Thomas Parmer, a Ph.D. student at the Luddy School, is the Shoemaker Innovation Center program manager. He says he has gained invaluable work and management experience, and better understands the entrepreneurship process and how to test ideas in the marketplace.
“Naysayers said it wouldn’t work,” Brown says, “and by the end of the first semester, we had a nearly full roster. It’s stayed popular ever since.
“Five years in, we are on the map. The Shoebox has become a hub of student entrepreneurship doing.”
The Shoemaker Innovation Center has room for thirty teams with one to five members per team. Brown, who ran an incubator program in central Florida before taking charge of the Shoemaker Innovation Center, says that ranges from undergraduate to doctoral students.
When accepting teams, Brown doesn’t focus on an idea’s chances for success.
“The big thing for me is that students believe it’s viable and can provide value to the target audience.”
The students’ challenge – work to prove it.
Brown says some students come up with ideas the night before meeting with him. Others have worked on projects for a long time and are deep into fund raising.
“For each student, we establish goals. They are responsible for working toward those goals.”
If teams think they can coast, Brown sets them straight.
“We don’t let them just talk about being an entrepreneur, we make them prove it. It’s about putting your concept, and yourself, to the test.”
It starts by eliminating excuses.
“By eliminating obstacles, Brown says, “students have to look in the mirror and own who they are, what they care about and their motivation.”
“We provide all the resources for students to be successful. The only thing that’s left is for them to build the thing they want to build.”
Success in the center requires focus, commitment and dedication.
“Getting in is easy, staying in is hard because we have a rolling application process,” Brown says. “We hold students accountable for working on their startup concept.”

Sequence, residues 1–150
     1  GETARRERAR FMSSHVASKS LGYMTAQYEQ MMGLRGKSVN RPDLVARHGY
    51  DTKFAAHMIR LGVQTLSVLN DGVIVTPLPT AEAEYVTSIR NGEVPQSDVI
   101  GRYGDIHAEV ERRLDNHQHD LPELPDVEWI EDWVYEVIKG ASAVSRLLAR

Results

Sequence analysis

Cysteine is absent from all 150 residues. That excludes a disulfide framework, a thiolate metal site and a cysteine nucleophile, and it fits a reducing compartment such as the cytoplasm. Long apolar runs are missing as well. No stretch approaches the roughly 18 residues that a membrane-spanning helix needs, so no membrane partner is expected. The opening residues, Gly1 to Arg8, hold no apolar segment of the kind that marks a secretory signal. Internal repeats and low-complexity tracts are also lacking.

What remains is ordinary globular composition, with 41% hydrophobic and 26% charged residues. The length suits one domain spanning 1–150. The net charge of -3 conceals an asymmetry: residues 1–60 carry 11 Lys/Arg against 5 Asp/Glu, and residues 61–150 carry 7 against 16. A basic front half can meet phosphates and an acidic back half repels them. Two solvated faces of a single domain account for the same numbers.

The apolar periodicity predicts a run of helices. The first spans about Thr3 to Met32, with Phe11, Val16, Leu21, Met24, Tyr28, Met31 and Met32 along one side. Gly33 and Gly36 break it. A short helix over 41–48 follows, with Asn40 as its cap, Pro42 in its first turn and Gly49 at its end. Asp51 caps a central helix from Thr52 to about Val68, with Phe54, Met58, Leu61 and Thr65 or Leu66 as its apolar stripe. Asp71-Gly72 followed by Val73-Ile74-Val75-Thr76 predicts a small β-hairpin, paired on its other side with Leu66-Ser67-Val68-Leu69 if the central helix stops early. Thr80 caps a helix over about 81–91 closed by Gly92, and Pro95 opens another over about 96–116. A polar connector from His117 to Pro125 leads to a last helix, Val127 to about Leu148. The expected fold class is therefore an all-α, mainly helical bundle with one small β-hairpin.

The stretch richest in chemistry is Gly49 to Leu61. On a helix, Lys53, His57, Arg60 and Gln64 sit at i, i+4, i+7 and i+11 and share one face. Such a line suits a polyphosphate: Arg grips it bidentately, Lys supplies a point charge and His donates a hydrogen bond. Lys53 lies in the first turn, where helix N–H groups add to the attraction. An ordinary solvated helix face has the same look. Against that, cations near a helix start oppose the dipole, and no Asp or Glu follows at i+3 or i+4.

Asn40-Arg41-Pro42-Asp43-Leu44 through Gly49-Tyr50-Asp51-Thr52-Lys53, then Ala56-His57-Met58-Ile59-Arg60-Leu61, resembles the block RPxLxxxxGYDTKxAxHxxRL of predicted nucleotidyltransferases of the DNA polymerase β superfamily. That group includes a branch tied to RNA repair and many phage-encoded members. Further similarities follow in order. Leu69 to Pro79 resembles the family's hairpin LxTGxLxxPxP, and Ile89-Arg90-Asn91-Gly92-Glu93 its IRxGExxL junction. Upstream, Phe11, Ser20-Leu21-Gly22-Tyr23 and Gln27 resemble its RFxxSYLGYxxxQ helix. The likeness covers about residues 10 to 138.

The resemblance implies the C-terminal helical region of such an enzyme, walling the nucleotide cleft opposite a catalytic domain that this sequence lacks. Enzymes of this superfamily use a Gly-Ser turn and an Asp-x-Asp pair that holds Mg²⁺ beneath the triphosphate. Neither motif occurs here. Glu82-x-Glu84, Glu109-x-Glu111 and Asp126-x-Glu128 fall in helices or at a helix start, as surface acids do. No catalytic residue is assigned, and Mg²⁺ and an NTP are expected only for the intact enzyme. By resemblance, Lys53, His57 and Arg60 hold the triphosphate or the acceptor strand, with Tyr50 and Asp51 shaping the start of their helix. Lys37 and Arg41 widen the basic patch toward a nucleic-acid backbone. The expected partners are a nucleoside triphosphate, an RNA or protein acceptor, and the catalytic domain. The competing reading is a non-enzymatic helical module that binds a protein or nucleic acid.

Accountability is enforced. Teams that don’t put in the time and effort are replaced by ones that will.
The goal is to teach students resourcefulness and tenacity, and entrepreneurship serves as the vehicle for that experiential learning.
“No successful entrepreneur will allow lack of resources to stand in the way,” Brown says. “They will find a way to do it.”
Collaboration is a priority.
“The best thing about this center is the community,” Brown says.
“In this space, you’re not trying to outdo each other. If you learn something, share it. If you succeed, everyone here will be more successful. This is a very supportive environment. It’s a classroom.”
The number of startups served through the program is nearing three hundred, with the students served at least double that. Some of the better-known early success stories include ShuffleMe, founded by Britain Taylor of the Luddy School; Third Design, founded by Cherif Redissi of the Luddy School; Blueprint Stats, founded by Hunter Hawley of the Kelley School; HotDrop, founded by Max Goldberg and Steven Segel of the Kelley School; Jupiter Property Group, founded by Nicolas Narducci of the Kelley School; Solesca, founded by Sam Schierloh of the Luddy School; and Nostra, founded by Arthur Root of the Luddy School.
As for those who don’t succeed, learning comes through discovering that they are not as passionate about their initial idea as they thought, so they opt to pursue something else.
“Entrepreneurship is an effective vehicle for self-discovery,” Brown says. “For them to realize that about themselves is significant. That’s higher learning. It’s not about failure, but the freedom to move on to something you care more about. That’s what this is all about.”